“To make a long story short,” Bob explains, “Gladstone lost his apartment partner, and Kettler Brothers ended up with the whole site. Kettler went from being a purchaser of lots to being something much more.” At age 23, Bob was suddenly a manager on a major project. Seizing the solid opportunity, he went deep into planning and architecture for the 150-unit urban project, which was ahead of its time for DC. Specifically, he focused on the modeling and analyzing of a large land asset, which he then developed. “That type of planned community work is still a part of the work that I do for a living today,” he points out. To encounter this opportunity so early in his career set him on a path to grow into the business of development that would then take him to his highest point yet. Before making the leap into developing big land, though, Bob would reach back into family.
“My sister was the oldest,” Bob says. “She’s a brilliant woman—brilliant and talented.” After completing her undergraduate studies at the University of Michigan and then earning her law degree from George Washington University, she was hired to be the first General Counsel for the National Trust for Historic Preservation and wrote tax legislation for them. She then got married, and her husband, Scott Paseltiner, became Bob’s partner. Together, they founded Kettler and Scott when Bob was 25, completing a number of small projects leading up to the early 80s.
Ultimately, Bob credits his success to this early start, but he also says he can’t deny that he found himself in a good market. He began land development in the early 80s and was mentored by several established and talented individuals at the time, such as Frank Saul, Ted Lerner, and Til Hazel. By making connections and seizing opportunities, Bob was able to operate in the same space as his mentors, and in a few short years he went from being a small homebuilder to one of the largest developers in the DC metropolitan area.
The first big development that spurred this surge was a planned community venture with a savings and loan that was a DC-area fixture at the time—a project that spanned from 1982 to 1988. In this endeavor, Bob took a large amount of back-acreage that was difficult to access and connected it to the area’s main road with a new road by amending the county master plan. He put in a mixed-use office park, two big shopping centers, and about 2,800 lots. He completed the development at age 34, and flush with capital, he turned around and began purchasing all the land he could find. By the time he was 40 years old, he was worth approximately $150 million.
But then would come a career-defining moment when the real estate climate as a whole would experience a paradigm shift as the savings and loan crisis wreaked havoc across the nation. Bob had partnered with Chevy Chase Bank, who had brought in partners from China, Europe and the Middle East. He had been flying back and forth between Hong Kong and D.C. to meet with investors, but those days were suddenly over.
The deals were backed by structured debt and were written off, but as they failed, Bob suddenly found himself with millions in phantom income and overleveraged assets. He was able to maneuver through the crisis, but emerging on the other side, he found himself in a drastically altered era of real estate development.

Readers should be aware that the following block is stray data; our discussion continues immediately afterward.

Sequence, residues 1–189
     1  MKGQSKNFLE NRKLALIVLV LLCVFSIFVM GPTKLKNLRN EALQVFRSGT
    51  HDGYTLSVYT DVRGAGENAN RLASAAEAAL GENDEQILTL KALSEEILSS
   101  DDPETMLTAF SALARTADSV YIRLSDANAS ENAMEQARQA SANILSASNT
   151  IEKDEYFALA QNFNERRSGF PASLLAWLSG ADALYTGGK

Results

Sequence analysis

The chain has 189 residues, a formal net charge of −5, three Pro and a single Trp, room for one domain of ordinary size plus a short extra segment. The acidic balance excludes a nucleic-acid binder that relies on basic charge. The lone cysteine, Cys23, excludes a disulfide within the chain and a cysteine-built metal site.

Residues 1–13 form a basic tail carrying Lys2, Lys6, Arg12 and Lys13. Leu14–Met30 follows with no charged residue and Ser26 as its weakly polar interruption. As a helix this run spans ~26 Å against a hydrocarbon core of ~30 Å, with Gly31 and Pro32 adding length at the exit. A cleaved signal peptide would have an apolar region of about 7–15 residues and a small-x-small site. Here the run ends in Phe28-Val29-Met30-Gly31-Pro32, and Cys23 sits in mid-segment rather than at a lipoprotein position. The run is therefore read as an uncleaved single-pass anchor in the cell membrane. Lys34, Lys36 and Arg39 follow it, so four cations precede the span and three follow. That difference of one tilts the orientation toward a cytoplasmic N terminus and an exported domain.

“In that considerably different climate, I knew I had only one option,” he recalls. “From that point, I proceeded to purposefully diversify as a survival technique.” He had been through a wild ride, developing land during the Savings and Loan-backed 80s, but he finally decided that he no longer wanted all of his eggs in one basket. With that, Kettler continued to develop land, but the company also entered into the arena of apartment development and mixed-use development, eventually developed its expertise in management as well.
“If you’re in the real estate business,” Bob affirms now, “you’re not in this or that; you’re in real estate. In an economic climate like the recession that followed the Savings and Loan crisis, or even the one today, it makes a great deal of sense to be skilled and adept in all forms of real estate.”
Beyond diversification, Kettler has also relied on a more structured process for working through investment strategies. For example, project approvals go through an investment committee, and once launched, they undergo a redundant production process with checks and balances. Beyond that, it’s management by exception. “I don’t hear anything unless it goes wrong,” Bob comments. “However, if something does go wrong, I want to hear about it even if it’s midnight.”
Today, free from the gritty details of the daily grind, Bob concerns himself mostly with strategic and new business meetings and considers his family’s historical no-nepotism rule. He has four children, and thinks deeply about the course of their lives, as any parent would. “I don’t want them to be burdened by my dreams,” he says firmly. He remembers that the many small deals he worked through at such a fast pace in those early years were exciting and fun for him, concerned that his current projects are ponderous and may take years to complete. “That’s not exactly what a young person needs,” Bob points out.
In considering his own childhood and how he came to find himself where is today, he says that young people entering the business world today need to tap into their true passions and follow their hearts. “There’s nothing like following your heart,” Bob says. “There are people that can wrap their heads around what they do, and they’re savants about what they do. It may be hard to find what that one thing is,” he continues, “but I think everyone has the capacity to do so.” By taking the time and the energy to find out what that one passion is, Bob’s example demonstrates that the road to its realization can be that much more direct, and that much more gratifying.